Alternatively, POhWER is a charity that helps people to be involved in decisions being made about their care. Call POhWER’s support centre on 0300 456 2370 for advice.
Confidentiality & Medical Records
The practice complies with data protection and access to medical records legislation. Identifiable information about you will be shared with others in the following circumstances:
- To provide further medical treatment for you e.g. from district nurses and hospital services.
- To help you get other services e.g. from the social work department. This requires your consent.
- When we have a duty to others e.g. in child protection cases anonymised patient information will also be used at local and national level to help the Health Board and Government plan services e.g. for diabetic care.
If you do not wish anonymous information about you to be used in such a way, please let us know.
Reception and administration staff require access to your medical records in order to do their jobs. These members of staff are bound by the same rules of confidentiality as the medical staff.
Freedom of Information
Information about the General Practitioners and the practice required for disclosure under this act can be made available to the public. All requests for such information should be made to the Business Manager.
City View Medical Practice – Average Pay For 2018/2019
The average pay for GPs working in City View Medical Practice in the last financial year was £63.445 before tax and National Insurance.
This is for 3 full time GPS and 3 part time GP who worked in the practice for more than six months.
Please click here to view and download our privacy notice.
Summary Care Record
There is a new Central NHS Computer System called the Summary Care Record (SCR). The Summary Care Record is meant to help emergency doctors and nurses help you when you contact them when the surgery is closed. Initially, it will contain just your medications and allergies.
Later on as the Summary Care Record develops, other staff who work in the NHS will be able to access it along with information from hospitals, out of hours services, and specialists letters that may be added as well.
Your information will be extracted from practices such as ours and held on central NHS databases.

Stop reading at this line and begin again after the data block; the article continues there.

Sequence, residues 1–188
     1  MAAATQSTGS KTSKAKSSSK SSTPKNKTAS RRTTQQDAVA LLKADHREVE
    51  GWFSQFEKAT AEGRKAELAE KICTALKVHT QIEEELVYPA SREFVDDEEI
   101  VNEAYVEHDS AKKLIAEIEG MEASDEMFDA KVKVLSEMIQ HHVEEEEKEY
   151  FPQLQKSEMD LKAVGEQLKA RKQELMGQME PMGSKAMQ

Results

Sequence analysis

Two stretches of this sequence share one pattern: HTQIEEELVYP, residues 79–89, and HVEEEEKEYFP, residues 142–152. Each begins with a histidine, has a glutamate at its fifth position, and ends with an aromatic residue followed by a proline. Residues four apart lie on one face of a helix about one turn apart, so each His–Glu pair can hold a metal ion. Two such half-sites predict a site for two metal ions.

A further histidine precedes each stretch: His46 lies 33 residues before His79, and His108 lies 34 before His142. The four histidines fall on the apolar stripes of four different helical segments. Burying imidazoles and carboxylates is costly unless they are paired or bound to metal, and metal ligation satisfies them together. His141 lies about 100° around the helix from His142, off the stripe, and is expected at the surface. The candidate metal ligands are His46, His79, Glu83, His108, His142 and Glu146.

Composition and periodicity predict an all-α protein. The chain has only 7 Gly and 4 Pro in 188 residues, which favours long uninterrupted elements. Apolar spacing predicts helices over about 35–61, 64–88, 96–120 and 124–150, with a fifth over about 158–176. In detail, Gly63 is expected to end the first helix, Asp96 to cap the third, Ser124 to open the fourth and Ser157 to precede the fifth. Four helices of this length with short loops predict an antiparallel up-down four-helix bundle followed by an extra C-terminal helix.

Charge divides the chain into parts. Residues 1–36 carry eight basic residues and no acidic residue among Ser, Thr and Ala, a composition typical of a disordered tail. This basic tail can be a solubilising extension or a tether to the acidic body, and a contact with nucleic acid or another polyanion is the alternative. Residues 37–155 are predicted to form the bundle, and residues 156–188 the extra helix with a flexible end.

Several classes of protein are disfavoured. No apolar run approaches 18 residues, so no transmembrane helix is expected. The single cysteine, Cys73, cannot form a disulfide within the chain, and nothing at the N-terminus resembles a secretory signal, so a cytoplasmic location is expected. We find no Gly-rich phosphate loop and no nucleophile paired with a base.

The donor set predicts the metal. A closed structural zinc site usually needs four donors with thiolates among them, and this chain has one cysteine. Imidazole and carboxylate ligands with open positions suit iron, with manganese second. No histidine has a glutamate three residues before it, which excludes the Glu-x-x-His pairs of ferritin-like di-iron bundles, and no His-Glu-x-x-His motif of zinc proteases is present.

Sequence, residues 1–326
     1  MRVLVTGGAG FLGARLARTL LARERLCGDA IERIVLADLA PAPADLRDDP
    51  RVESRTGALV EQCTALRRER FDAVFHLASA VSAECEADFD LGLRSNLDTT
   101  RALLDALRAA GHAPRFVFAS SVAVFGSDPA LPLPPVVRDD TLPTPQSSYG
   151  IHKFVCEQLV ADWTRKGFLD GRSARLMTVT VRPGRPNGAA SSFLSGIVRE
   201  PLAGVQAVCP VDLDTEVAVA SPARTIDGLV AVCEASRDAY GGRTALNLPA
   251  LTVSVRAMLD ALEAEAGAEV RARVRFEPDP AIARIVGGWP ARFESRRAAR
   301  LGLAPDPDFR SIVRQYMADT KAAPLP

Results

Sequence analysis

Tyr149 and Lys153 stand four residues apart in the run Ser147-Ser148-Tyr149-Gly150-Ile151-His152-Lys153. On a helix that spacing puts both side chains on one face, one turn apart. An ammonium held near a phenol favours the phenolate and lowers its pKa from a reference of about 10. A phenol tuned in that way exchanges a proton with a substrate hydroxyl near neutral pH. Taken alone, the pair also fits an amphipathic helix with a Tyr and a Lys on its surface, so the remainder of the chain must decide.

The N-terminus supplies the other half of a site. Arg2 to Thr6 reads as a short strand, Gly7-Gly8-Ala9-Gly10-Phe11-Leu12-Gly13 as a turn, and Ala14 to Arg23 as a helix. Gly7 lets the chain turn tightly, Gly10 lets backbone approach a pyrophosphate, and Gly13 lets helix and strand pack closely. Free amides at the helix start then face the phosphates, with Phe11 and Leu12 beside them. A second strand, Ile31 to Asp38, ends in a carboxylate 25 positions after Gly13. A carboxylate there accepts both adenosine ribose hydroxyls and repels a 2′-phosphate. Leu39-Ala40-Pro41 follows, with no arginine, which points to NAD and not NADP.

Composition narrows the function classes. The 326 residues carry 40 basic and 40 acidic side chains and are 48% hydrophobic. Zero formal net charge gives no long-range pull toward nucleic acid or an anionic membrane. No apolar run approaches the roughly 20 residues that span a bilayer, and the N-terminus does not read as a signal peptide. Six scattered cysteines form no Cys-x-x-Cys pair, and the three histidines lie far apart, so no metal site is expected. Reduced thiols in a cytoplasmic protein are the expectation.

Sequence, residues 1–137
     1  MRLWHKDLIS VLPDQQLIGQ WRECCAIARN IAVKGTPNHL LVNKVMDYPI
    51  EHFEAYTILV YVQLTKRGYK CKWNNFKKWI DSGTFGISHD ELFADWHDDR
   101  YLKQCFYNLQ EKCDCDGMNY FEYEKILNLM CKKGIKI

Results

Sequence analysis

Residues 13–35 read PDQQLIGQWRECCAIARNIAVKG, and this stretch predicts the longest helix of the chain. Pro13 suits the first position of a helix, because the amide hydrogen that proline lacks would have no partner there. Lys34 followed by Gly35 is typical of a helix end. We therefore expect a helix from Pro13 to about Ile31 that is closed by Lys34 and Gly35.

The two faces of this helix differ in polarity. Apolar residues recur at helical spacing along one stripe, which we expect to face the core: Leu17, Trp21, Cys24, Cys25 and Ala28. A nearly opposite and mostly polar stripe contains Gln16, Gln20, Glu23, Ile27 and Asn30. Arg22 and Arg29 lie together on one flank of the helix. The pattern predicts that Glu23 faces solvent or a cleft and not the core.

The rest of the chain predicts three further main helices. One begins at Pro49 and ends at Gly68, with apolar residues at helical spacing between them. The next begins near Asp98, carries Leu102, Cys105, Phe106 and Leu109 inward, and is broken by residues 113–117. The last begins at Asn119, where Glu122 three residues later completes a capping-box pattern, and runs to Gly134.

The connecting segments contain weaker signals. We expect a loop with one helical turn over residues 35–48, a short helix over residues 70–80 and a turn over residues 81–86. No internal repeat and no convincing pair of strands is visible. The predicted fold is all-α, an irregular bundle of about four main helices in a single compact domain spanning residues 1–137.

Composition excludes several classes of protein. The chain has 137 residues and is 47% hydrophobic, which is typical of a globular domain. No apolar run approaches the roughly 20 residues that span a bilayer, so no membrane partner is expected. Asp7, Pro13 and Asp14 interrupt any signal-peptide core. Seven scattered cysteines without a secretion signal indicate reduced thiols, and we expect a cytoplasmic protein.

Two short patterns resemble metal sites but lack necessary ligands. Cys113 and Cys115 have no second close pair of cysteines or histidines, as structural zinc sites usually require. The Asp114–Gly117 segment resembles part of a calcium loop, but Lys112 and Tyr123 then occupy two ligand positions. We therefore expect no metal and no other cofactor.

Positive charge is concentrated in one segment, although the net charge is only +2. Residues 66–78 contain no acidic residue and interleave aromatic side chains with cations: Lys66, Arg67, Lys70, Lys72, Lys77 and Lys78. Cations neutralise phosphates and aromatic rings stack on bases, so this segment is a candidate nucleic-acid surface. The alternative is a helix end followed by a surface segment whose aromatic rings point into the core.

As with all new systems there are pros and cons to think about. When you speak to an emergency doctor you might overlook something that is important and if they have access to your medical record it might avoid mistakes or problems, although even then, you should be asked to give your consent each time a member of NHS Staff wishes to access your record, unless you are medically unable to do so.
On the other hand, you may have strong views about sharing your personal information and wish to keep your information at the level of this practice. Connecting for Health (CfH), the government agency responsible for the Summary Care Record have agreed with doctors’ leaders that new patients registering with this practice should be able to decide whether or not their information is uploaded to the Central NHS Computer System.
For existing patients it is different in that it is assumed that you want your record uploaded to the Central NHS Computer System unless you actively opt out.
If you choose to opt out of the scheme, then you will need to complete a form and bring it along to the surgery.
The NHS operate a zero tolerance policy with regard to violence and abuse and the practice has the right to remove violent patients from the list with immediate effect in order to safeguard practice staff, patients and other persons. Violence in this context includes actual or threatened physical violence or verbal abuse which leads to fear for a person’s safety. In this situation we will notify the patient in writing of their removal from the list and record in the patient’s medical records the fact of the removal and the circumstances leading to it.